Should you have a coffee shop, here are some blogs that will be useful to you :
- How to Run a Successful Coffee Shop – 10 Tips for Cafés
- Coffee Shop Designs for Small Spaces: 7 Ingenious Ideas
- Reduce Labor Costs in Retail, Coffee Shops, and Bakeries: 5 Simple Tips
In short, the objective is to ensure that you have enough employees to meet the needs of your clientele but without exceeding your payroll projections. Here are also some tips to help you ensure that your team is working efficiently and has the knowledge it needs to succeed:
Have a good point of sale software
The point of sale system will allow you to find your peak hours and monitor employee performance metrics. For example, it can tell you the time of day when customers most frequently visit and the days of the week when you have the most transactions and sales. Such data allows you to staff your store accordingly.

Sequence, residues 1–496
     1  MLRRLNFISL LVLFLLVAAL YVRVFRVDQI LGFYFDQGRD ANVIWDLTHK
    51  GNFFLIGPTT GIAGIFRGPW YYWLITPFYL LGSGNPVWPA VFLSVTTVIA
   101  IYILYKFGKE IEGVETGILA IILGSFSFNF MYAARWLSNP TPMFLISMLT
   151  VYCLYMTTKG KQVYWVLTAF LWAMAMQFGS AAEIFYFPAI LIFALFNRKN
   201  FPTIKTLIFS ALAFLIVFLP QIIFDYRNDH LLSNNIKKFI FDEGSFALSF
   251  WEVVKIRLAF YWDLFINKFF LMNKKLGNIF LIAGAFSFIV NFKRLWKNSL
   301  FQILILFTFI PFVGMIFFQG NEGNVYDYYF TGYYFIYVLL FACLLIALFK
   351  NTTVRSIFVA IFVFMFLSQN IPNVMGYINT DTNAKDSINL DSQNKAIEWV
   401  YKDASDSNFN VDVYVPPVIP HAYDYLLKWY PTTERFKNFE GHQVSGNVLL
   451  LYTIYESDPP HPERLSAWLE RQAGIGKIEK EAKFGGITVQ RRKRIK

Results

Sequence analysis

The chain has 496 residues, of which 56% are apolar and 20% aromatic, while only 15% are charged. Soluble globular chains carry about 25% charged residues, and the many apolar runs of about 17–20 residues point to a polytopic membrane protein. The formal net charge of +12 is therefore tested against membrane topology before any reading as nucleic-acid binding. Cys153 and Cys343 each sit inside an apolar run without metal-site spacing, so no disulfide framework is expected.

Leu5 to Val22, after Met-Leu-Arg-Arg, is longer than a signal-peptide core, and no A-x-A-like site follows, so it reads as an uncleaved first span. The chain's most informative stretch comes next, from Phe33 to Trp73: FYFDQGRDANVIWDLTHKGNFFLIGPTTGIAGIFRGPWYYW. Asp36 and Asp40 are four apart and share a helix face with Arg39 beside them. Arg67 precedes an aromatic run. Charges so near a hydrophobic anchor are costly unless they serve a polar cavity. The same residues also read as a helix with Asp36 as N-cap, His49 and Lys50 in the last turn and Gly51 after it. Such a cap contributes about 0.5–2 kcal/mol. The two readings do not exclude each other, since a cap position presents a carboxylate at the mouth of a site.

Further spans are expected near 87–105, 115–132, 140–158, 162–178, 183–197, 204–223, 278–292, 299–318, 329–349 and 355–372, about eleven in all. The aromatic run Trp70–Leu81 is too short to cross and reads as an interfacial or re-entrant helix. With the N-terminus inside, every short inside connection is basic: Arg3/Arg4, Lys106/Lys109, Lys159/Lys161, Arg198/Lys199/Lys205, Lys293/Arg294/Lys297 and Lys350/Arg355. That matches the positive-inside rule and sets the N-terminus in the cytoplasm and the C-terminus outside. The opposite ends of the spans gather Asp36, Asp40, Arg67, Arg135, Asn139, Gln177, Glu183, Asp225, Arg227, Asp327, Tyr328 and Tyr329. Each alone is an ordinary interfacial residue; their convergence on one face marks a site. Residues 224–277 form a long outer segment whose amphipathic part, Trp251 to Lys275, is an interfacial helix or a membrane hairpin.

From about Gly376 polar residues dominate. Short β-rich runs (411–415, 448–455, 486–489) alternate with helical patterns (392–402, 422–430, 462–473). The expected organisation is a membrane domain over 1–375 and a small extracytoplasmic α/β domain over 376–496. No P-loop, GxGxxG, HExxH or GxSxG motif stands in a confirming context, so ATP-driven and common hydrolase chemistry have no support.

Plus, you can conduct payroll and scheduling from your POS with a well-integrated system. Allow team members to clock in and out at any workstation and managers to correct any mistakes or discrepancies in the backend. Staff reports give you the chance to more accurately measure employee performance so that you can offer data-driven feedback. Our retail POS system, KORONA POS, can help manage all of these tasks.
Focus on employee training
Knowing how to run a successful shop is also about finding the right talent that can help you provide your customers with quality service. And once you’ve found the right talent, it’s important to foster a smooth transition. Staff training is critical to this transition, from sales tips to maintaining the brand image. Training new employees on how to use the tools and technology is also essential. The point of sale system is probably the most critical piece of technology you will want them to master.